All is not what it seems with the AT5045. It may look like a pencil microphone, but it’s actually a side fire condenser with a large rectangular capsule. Huw Price reviews…
Price £1,299 (£2,399 pair)
Contact 0113 277 1441
The AT5045’s electret capsule is similar to the rectangular capsule used (as an array of four) in Audio Technica’s flagship AT5040. Measuring approximately 32mm by 14mm, the surface area works out around 450mm². This compares with 490mm² for a circular capsule with a 25mm diameter – at best.
The narrow dimensions allow the capsule and onboard discrete electronics to be squeezed into the 25mm diameter body, along with an output transformer. The internals are mounted on a board that is suspended within the body. This internal shock mounting decouples the capsule from the microphone body to minimise transferred noise.
The kit includes an AT8481 isolation clamp, an AT8165 windscreen and a protective carrying case. The shockmount is an engineering triumph. It clicks open to receive the mic, then clicks shut to hold it. A small lever on the top locks the mechanism to prevent it opening by accident, and isolation is provided by eight rubber grommets that grip the body and presumably dampen resonances. They also spin, making it easy to twist the AT5045 in its mount for precise alignment.
Since this kit was supplied as a matched pair, we aligned the capsules side by side and made a simultaneous recording on identical mic preamps. On playback, we flipped the polarity of one channel, levelled the volumes and were able to achieve almost total silence. So when Audio Technica says ‘matched pair’ it really means it.
On acoustic instruments, the AT5045 impresses immediately with its wide-open and natural sound. Transients are captured with speed and accuracy to create a highly detailed rendering of the instrument, aided – perhaps – by a wide and fairly gentle presence lift. The midrange sounds commendably clean and uncoloured and, overall, we would describe the AT5045’s tone as essentially neutral, but with slightly enhanced brightness.
Next, we arranged our two AT5045s as a coincident pair and were pretty blown away by the results. On acoustic guitar, the presence lift is judged to perfection. It’s exactly the amount many of us would routinely add to this particular instrument, for solo performance as well as cutting through mixes. The test recordings had a stunning sense of realism and the imaging was rock-solid.
Any concerns the upper mids might become too strident up-close were quickly dispelled, along with those we may have had about the absence of a bass roll-off switch. The tone certainly thickens up, and the low mids fill out, but it’s far removed from the kind of proximity effect you might associate with typical large-bodied condensers.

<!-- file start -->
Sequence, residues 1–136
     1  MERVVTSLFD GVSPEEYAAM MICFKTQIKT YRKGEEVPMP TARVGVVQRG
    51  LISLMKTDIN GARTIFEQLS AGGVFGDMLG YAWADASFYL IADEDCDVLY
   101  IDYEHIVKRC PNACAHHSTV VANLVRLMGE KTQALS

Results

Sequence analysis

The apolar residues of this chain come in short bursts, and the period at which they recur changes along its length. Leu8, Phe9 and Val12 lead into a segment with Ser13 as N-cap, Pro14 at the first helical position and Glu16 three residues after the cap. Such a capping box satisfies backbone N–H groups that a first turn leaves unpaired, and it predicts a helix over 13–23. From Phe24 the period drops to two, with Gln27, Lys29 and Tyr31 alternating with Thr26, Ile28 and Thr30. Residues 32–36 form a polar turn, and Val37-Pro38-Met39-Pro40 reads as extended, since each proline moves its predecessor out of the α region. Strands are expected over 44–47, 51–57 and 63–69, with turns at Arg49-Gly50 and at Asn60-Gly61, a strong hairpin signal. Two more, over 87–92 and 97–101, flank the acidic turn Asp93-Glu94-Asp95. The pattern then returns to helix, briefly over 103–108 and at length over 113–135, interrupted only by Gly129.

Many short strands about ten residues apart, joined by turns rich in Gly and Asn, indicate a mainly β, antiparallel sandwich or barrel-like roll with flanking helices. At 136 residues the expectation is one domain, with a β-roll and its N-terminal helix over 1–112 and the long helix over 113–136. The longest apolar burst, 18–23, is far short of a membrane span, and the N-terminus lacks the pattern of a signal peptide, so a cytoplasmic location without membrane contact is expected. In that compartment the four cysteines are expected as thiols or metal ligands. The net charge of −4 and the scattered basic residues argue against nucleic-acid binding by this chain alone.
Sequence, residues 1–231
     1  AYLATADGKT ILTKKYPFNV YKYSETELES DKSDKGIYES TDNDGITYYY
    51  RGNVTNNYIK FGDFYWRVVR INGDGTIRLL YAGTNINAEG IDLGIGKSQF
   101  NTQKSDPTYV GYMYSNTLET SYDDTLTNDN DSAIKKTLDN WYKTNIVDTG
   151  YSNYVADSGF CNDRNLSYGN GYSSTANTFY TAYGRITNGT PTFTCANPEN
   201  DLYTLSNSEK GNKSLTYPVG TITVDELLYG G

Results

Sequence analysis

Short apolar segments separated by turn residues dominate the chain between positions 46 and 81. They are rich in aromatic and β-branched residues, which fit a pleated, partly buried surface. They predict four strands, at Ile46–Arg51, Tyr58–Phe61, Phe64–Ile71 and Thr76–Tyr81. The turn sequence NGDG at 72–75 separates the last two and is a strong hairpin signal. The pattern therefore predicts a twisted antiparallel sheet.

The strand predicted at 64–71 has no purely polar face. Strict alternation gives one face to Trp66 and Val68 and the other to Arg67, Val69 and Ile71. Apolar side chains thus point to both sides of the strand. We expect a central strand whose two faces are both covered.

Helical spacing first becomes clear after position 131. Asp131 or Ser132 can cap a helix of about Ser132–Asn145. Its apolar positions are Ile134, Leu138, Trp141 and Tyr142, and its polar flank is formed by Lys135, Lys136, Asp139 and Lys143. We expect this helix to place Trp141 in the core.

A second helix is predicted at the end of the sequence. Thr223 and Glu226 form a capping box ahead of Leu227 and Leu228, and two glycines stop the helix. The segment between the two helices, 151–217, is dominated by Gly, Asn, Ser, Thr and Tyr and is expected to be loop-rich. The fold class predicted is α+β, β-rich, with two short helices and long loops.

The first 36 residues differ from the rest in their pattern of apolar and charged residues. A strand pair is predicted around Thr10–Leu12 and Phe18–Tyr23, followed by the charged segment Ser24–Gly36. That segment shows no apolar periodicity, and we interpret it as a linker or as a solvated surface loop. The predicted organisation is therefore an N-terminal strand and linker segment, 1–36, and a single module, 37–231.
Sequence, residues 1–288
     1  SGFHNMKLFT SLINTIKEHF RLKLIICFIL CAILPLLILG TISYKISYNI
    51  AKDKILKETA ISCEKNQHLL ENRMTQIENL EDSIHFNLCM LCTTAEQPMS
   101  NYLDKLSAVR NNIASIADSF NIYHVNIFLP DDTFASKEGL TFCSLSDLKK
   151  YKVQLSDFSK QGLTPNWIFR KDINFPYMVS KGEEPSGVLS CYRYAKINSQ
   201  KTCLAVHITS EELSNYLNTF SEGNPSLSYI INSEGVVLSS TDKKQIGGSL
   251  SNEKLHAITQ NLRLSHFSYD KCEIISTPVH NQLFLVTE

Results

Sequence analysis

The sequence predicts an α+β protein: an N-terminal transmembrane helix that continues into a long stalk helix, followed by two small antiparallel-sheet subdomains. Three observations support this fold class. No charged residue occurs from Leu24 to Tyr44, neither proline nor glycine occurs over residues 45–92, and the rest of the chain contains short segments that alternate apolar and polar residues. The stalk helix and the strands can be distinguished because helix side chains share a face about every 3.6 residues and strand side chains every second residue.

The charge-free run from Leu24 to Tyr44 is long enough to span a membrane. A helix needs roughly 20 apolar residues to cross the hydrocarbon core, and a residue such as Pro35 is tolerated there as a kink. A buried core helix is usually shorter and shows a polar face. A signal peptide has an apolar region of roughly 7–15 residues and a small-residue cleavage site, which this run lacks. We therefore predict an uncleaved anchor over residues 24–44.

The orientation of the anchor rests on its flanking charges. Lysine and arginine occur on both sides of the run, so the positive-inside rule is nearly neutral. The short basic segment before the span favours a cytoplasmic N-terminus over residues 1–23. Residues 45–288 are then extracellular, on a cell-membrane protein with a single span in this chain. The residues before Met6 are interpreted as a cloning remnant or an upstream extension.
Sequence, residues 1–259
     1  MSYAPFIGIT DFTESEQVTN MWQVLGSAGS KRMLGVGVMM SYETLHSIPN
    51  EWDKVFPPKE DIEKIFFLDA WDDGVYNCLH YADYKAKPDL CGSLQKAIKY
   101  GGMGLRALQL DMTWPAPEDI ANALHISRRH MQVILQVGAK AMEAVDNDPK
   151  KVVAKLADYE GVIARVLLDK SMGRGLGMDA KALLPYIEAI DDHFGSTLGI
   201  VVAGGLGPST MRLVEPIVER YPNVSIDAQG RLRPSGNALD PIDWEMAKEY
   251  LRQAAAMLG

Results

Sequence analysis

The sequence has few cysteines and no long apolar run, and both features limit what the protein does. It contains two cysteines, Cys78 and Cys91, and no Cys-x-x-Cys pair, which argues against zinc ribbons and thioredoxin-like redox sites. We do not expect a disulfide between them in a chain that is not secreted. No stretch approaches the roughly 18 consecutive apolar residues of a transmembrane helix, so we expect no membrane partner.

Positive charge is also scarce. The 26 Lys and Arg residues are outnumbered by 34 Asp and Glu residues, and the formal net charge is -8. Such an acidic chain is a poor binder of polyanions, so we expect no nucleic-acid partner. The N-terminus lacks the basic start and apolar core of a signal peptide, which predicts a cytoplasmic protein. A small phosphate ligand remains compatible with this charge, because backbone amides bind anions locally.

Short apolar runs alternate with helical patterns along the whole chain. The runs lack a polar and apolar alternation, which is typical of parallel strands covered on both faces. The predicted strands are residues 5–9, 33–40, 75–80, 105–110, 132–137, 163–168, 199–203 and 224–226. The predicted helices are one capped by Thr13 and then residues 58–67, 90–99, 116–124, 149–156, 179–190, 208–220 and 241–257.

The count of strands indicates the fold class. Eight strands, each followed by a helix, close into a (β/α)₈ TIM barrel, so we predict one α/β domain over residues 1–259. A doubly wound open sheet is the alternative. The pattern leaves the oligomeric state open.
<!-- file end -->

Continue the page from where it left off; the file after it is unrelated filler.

This does mean that the AT5045 won’t fatten up thin-sounding vocalists with beefed-up mids, and the warming influence of harmonic distortion. Off-axis response remains consistent with the on-axis sound, however the rear pickup encroaches quite high into the frequency range, so it’s only truly cardioid in the upper-mids and treble.
As you might expect, rectangular microphone capsules are quite rare. Besides Audio Technica, the only other companies that specialise in this type of capsule are Pearl and Milab. The Pearl ELM-C (£1,164) has a fixed cardioid pattern and FET electronics.
Alternatively, the cardioid Pearl Priority (£600) has a 5K boost, much like the AT5045. Milab’s DC-96B (£1,019) and transformerless DC-96C (£1,019) are both slim fixed cardioid condensers that have rectangular capsules.
The AT5045 is one of those forgiving microphones that almost does the job for you. It’s relatively unfussy about placement, and has the ability to make things sound even nicer than they really are. It excels on acoustic instruments and vocals, combining the detail and realism you might associate with the best small capsule condensers with the larger-than-life presence of a large capsule condenser.
The small body also allows the AT5045 to get into places where there’s no space for a large capsule model. We could certainly envisage using this on snare drums, given the impressively high SPL handling. At the other extreme, the sensitivity is relatively high and the noise floor is so low that recording quiet acoustic sources would also be feasible. The AT5045 is not exactly cheap, but if we had a pair they would undoubtedly be amongst a handful of our go-to microphones.
● Pattern: cardioid
● Frequency response: 20–20,000Hz
● Open circuit sensitivity: 35 dB (17.7 mV) re 1V at 1 Pa
● Impedance: 100 ohms
● Maximum input SPL: 149 dB SPL, 1 kHz at 1% T.H.D.
● Noise: 8 dB SPL
● Dynamic Range (typical): 141 dB, 1 kHz at Max SPL
● Signal-to-noise ratio: 86dB, 1 kHz at 1Pa
● Weight: 197g (7.0 oz)
● Dimensions: 177mm long, 25mm diameter
● Discrete components
● Transformer-coupled output
● Internal shock mounting
● Custom hard-shell carrying case